Lucy Maud Montgomery, OBE, writer (born 30 November 1874 in Clifton (now New London), PEI; died 24 April 1942 in Toronto, ON). Lucy Maud Montgomery is arguably Canada’s most widely read author. Her first novel, Anne of Green Gables (1908), became an instant best-seller. It has remained in print for more than a century, making the character of Anne Shirley a mythic icon of Canadian culture. Montgomery produced more than 500 short stories, 21 novels, two poetry collections, and numerous journal and essay anthologies. Her body of work has sold an estimated 50 million copies worldwide. Anne of Green Gables alone has been translated into at least 36 languages as well as braille. It has been adapted dozens of times in various mediums. Montgomery was named an Officer of both the Order of the British Empire and the Literary and Artistic Institute of France. She was the first Canadian woman to be made a member of the British Royal Society of Arts and she was declared a Person of National Historic Significance in Canada.

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Tony Golab

Anthony Charles “Tony” Golab, CM, football player (born 17 January 1919 in Windsor, Ontario;  died 16 October 2016 in Ottawa, Ontario). Known as the “golden boy” of Canadian football, Tony Golab was a hard-charging, versatile player with the Ottawa Rough Riders. He played with the team from 1939 to 1941 and again from 1945 to 1950, serving as an RCAF flight lieutenant and pilot during the Second World War. Golab played offence and defence for Ottawa, where his spirited style made him a fan favourite. He appeared in four Grey Cup games, winning in 1940, and was named Canada’s male athlete of the year (now known as the Lionel Conacher Award) in 1941. He is a member of the Order of Canada, the Canadian Football Hall of Fame, Canada’s Sports Hall of Fame and the Ontario Sports Hall of Fame.

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Oscar Peterson

Oscar Emmanuel Peterson, CC, CQ, OOnt, jazz pianist, composer, educator (born 15 August 1925 in Montréal, QC; died 23 December 2007 in Mississauga, ON). Oscar Peterson is one of Canada’s most honoured musicians. He is widely regarded as one of the greatest jazz pianists of all time. He was renowned for his remarkable speed and dexterity, meticulous and ornate technique, and dazzling, swinging style. He earned the nicknames “the brown bomber of boogie-woogie” and “master of swing.” A prolific recording artist, he typically released several albums a year from the 1950s until his death. He also appeared on more than 200 albums by other artists, including Ella Fitzgerald, Dizzy Gillespie, Billie Holiday and Louis Armstrong, who called him “the man with four hands.” His sensitivity in these supporting roles, as well as his acclaimed compositions such as Canadiana Suite and “Hymn to Freedom,” was overshadowed by his stunning virtuosity as a soloist. Also a noted jazz educator and advocate for racial equality, Peterson won a Juno Award and eight Grammy Awards, including one for lifetime achievement. The first recipient of the Governor General’s Performing Arts Award for Lifetime Achievement, he was inducted into the Canadian Music Hall of Fame and the International Jazz Hall of Fame. He was also made an Officer and then Companion of the Order of Canada, and an Officer in the Order of Arts and Letters in France, among many other honours.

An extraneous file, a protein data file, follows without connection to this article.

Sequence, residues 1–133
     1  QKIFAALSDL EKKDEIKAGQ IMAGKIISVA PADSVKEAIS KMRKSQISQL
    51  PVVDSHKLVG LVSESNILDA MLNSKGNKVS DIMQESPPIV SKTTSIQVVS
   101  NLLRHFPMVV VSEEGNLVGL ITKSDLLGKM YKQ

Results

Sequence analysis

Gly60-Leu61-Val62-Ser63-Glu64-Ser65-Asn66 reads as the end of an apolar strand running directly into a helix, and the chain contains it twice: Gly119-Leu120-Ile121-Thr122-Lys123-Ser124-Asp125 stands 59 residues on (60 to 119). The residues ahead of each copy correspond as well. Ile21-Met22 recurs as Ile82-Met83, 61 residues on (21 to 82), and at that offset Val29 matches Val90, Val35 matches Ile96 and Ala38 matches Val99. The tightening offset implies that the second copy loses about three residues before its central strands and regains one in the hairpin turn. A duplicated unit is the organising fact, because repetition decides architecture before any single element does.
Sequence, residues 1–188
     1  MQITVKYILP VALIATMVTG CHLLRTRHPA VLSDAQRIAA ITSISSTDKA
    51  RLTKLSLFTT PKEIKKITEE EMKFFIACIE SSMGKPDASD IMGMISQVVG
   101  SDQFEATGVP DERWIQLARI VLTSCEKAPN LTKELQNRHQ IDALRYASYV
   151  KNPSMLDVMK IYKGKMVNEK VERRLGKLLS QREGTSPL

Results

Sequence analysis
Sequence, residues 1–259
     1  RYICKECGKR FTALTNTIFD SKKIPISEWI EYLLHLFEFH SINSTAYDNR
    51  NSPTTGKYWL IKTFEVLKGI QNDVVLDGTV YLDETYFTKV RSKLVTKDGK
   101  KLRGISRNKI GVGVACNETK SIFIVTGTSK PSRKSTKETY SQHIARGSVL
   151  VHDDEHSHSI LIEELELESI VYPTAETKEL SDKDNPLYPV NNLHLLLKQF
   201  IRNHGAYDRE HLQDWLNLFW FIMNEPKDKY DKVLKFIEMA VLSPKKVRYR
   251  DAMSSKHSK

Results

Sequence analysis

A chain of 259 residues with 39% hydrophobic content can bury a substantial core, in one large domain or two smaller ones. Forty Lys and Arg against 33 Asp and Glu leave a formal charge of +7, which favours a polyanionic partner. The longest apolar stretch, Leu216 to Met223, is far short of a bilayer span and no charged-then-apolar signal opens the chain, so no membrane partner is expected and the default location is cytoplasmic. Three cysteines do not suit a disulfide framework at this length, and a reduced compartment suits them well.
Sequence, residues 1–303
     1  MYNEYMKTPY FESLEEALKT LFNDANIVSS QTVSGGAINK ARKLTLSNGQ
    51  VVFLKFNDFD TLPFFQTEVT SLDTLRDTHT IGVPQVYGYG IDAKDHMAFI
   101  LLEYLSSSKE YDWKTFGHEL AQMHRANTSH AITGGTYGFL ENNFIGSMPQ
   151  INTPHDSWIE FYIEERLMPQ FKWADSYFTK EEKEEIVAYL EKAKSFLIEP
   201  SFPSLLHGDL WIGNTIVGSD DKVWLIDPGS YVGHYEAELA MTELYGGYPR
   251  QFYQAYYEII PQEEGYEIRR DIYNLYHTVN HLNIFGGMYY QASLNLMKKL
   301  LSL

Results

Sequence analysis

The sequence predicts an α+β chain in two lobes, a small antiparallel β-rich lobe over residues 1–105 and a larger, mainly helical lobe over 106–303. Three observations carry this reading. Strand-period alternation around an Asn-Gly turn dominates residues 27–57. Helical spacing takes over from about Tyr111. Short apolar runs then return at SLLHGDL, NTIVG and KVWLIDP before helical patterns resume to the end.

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Lester B. Pearson

Lester Bowles (“Mike”) Pearson, PC, OM, CC, OBE, prime minister 1963–68, statesman, politician, public servant, professor (born 23 April 1897 in Newtonbrook, ON; died 27 December 1972 in Ottawa, ON). Lester Pearson was Canada’s foremost diplomat of the 1950s and 1960s. He formulated the basics of the country’s postwar foreign policy; particularly its involvement in NATO and the United Nations, where he served as president of the General Assembly. In 1957, he received the Nobel Peace Prize for his diplomatic efforts in facilitating Britain and France’s departure from Egypt during the Suez Crisis. A skilled politician, he rebuilt the Liberal Party and as prime minister strove to maintain Canada’s national unity. Under his leadership, the government implemented a Canada Pension Plan; a universal medicare system; a unified Armed Forces; and a new national flag.

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Sir Clifford Sifton

Sir Clifford Sifton, PC, KCMG, KC, lawyer, politician, businessman (born 10 March 1861 near Arva, Canada West; died 17 April 1929 in New York City, New York). Sir Clifford Sifton was one of the ablest politicians of his time. He is best known for his aggressive promotion of immigration to settle the Prairie West. Under his leadership, immigration to Canada increased significantly; from 16,835 per year in 1896 to 141,465 in 1905. A Liberal politician of considerable influence and vision, he was also a controversial figure. Sifton promoted a single education system and opposed the public funding of denominational schools, largely disregarding the concerns of French Catholics. He also showed little interest in the Indigenous peoples of the Prairies; he oversaw cuts to Indigenous education and approved Treaty 8. His brother, Arthur Lewis Sifton, was premier of Alberta from 1910 to 1917.

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Chinese Head Tax in Canada

The Chinese head tax was enacted to restrict immigration after Chinese labour was no longer needed to build the Canadian Pacific Railway. Between 1885 and 1923, Chinese immigrants had to pay a head tax to enter Canada. The tax was levied under the Chinese Immigration Act (1885). It was the first legislation in Canadian history to exclude immigration on the basis of ethnic background. With few exceptions, Chinese people had to pay at least $50 to come to Canada. The tax was later raised to $100, then to $500. During the 38 years the tax was in effect, around 82,000 Chinese immigrants paid nearly $23 million in tax. The head tax was removed with the passing of the Chinese Immigration Act in 1923. Also known as the Chinese Exclusion Act, it banned all Chinese immigrants until its repeal in 1947. In 2006, the federal government apologized for the head tax and its other racist immigration policies targeting Chinese people.